You may wish to spend time in the award-winning Museum of the Isles, where exhibits trace 1,500 years of the history and culture of the area once known as the Kingdom of the Isles. Or you may wish simply to wander through the lovely historic gardens and woodland trails around the romantic ruins of Armadale Castle. Whatever you choose, a local guide will be on hand to answer any questions.
Disembark in Tobermory and enjoy a brief stroll along the waterfront of this bustling fishing village before boarding your coach for a scenic drive along the Sound of Mull to Duart Castle. Perched on a rocky promontory jutting into the Sound, the castle is the ancestral home of Clan Maclean. Fully refurbished in 1911, it is a fascinating place, full of stories about the clan, their rivalries, and the role they have played in Scottish history. You can see the dungeons where Spanish prisoners were kept after the Macleans sank their galleon as it retreated from the defeat of the Armada in 1588. And those prepared to climb the ancient, worn steps, can take the turnpike stairs to the top of the 13th-century keep and the battlements, with views as far as Ben Nevis in the north and Jura in the south.
After this visit, a short drive brings you to a nearby hotel where you will enjoy a relaxing lunch before continuing westward across the island through stunning scenery to Fionnphort, where you board a local ferry to Iona.
The mystical Isle of Iona is the site of the first Christian settlement in Scotland, dating from 563, the year that St. Columba landed in this remote place. It enjoys a reputation as a seat of spiritual power and bears the distinction of harboring in its "Graves of the Kings" some 60 Scottish monarchs, including Macbeth and his victim Duncan. A guided walking tour includes a visit to the 13th-century Abbey, which is open all the year round to welcome pilgrims from every corner of the globe to this holy site.
Your tour comes to an end with a short walk to the pier to rejoin your ship, which has sailed during the day to meet you here.
From the port of Belfast drive along the Antrim Coast. Some of the world's most unspoiled scenery is to be found here. From the rugged cliffs of the coast to the Glens, this is the best of what Northern Ireland has to offer.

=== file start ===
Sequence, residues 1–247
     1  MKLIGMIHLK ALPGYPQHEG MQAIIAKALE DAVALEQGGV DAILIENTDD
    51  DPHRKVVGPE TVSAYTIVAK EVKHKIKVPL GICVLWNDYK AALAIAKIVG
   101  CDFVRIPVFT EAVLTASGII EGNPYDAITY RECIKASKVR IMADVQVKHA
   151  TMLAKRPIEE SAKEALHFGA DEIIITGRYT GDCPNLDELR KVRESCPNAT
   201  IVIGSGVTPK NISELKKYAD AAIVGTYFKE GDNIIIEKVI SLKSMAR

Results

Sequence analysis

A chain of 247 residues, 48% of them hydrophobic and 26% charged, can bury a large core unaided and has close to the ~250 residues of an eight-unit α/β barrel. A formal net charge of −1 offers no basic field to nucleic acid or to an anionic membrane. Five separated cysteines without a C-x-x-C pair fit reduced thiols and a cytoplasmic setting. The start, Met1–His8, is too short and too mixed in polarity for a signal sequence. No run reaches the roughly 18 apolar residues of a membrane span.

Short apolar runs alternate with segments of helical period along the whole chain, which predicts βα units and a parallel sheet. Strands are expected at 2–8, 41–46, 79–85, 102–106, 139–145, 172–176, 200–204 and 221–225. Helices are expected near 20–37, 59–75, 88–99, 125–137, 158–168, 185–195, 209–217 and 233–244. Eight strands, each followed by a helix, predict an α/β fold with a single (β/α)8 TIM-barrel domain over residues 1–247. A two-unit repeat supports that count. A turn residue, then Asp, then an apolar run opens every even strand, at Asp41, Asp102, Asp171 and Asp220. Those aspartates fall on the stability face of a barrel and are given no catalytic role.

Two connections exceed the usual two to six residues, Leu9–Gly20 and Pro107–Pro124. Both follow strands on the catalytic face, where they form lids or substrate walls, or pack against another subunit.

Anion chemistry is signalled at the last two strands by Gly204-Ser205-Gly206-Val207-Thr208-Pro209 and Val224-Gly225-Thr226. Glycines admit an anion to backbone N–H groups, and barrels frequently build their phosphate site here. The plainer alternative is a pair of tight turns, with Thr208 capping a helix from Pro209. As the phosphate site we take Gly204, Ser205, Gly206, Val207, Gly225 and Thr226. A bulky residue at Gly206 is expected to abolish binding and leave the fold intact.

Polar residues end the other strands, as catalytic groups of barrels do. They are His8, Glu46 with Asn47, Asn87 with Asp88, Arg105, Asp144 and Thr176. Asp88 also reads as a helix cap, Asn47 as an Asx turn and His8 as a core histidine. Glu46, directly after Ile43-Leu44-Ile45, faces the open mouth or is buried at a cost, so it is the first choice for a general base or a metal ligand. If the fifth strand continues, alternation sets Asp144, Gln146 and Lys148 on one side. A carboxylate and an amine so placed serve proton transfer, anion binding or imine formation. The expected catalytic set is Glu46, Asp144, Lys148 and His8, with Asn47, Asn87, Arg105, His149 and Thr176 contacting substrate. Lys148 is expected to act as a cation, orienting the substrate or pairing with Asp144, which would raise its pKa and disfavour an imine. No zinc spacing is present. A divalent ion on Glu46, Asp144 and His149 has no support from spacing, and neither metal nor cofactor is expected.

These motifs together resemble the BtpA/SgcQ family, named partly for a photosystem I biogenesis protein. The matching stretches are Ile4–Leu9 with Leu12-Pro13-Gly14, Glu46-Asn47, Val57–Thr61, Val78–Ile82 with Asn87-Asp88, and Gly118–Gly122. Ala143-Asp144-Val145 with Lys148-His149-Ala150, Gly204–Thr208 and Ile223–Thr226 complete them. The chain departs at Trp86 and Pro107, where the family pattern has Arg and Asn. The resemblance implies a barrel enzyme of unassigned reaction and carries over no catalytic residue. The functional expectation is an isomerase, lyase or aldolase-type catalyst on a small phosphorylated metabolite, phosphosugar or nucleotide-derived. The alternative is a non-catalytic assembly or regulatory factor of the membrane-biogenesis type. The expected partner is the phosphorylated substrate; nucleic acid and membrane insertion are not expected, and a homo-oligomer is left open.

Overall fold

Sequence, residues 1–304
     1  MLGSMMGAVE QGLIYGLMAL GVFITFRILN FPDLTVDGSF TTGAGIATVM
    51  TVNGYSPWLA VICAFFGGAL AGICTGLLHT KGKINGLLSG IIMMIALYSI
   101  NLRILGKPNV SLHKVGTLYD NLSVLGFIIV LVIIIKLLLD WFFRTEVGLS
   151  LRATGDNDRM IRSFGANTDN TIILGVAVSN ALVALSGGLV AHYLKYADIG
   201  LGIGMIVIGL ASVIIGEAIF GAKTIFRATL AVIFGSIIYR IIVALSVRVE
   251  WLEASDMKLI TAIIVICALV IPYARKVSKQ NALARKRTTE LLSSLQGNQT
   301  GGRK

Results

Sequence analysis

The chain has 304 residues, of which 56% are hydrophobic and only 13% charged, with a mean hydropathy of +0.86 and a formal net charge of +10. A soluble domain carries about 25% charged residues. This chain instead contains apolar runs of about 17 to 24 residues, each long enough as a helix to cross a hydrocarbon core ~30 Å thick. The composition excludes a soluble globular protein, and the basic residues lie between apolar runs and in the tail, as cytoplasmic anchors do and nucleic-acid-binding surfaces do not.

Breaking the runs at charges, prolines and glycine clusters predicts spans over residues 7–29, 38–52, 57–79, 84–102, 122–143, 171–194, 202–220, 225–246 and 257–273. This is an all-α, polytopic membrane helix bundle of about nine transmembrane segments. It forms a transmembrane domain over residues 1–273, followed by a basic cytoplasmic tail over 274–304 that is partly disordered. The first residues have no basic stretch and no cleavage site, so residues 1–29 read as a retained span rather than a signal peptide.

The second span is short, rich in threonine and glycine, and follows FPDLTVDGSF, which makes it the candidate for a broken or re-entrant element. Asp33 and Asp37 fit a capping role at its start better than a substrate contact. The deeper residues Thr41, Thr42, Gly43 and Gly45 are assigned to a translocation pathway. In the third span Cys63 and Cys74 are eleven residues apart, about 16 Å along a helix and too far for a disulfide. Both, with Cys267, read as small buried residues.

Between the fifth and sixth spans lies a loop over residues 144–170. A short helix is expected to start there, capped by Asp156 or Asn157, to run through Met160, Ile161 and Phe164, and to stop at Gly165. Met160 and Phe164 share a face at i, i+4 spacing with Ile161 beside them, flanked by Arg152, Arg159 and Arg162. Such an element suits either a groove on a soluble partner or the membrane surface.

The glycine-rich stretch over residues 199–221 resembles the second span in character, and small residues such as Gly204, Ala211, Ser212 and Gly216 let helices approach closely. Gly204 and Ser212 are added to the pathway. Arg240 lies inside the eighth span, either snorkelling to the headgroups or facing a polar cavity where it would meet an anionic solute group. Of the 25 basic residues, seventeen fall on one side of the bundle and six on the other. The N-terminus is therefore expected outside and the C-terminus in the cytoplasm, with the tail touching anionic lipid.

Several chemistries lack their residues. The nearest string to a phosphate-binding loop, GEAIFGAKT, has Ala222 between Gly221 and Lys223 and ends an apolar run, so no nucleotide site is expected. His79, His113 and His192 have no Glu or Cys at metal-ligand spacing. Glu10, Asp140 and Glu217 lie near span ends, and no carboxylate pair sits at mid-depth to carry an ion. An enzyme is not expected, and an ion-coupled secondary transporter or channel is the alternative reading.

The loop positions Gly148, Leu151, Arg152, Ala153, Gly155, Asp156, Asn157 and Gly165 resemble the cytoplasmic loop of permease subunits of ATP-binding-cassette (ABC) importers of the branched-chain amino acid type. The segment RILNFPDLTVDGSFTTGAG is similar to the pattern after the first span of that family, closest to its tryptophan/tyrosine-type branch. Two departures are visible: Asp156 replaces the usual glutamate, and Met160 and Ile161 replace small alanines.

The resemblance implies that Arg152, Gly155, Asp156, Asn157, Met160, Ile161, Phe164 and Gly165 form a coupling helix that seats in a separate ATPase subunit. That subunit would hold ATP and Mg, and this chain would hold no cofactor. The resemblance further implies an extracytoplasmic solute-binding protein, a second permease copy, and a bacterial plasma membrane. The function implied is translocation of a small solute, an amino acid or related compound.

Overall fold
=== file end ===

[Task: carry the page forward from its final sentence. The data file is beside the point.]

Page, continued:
Travel northwards along the Coast Road through a succession of varied seascapes, towering cliffs, white sandy beaches, tranquil glens, and lush forest parks. From the vantage point at Fair Head and Murlough Bay you can enjoy views of Scotland's Mull of Kintyre, as well as the wild and mysterious island of Rathlin just seven miles off the coast.
A stop for tea or coffee and scones at a local hotel affords some refreshment before continuing along the coast to Carrick-a-Rede Rope Bridge. This narrow swaying bridge spans a chasm some eighty feet deep connecting the mainland to a tiny island. An early version of the bridge consisted of a single rope handrail and widely spaced slats, which fishermen used to bring home the salmon they had caught off the island.
Next is lunch at a local restaurant before exploring the UNESCO World Heritage site of the Giant's Causeway. A new Visitor Center, opened in 2012, provides information you can use to decide for yourself between competing theories of how the causeway came to be. One view is that the 40,000 basalt stones that form the causeway were deposited here as the result of a volcanic eruption 6 million years ago. Another story is that during the age of giants, the local giant, Finn McCool, tore up pieces of the coast and threw them into the sea in order to protect Ireland from another giant across the sea in Scotland. If you wish, you can board the "Causeway Coaster" minibus to take you to the causeway itself.
The drive back to Belfast will include a brief stop at Dunluce Castle before returning to your ship.
Your full day tour of Belfast begins this morning with a drive into the heart of this capital of Northern Ireland.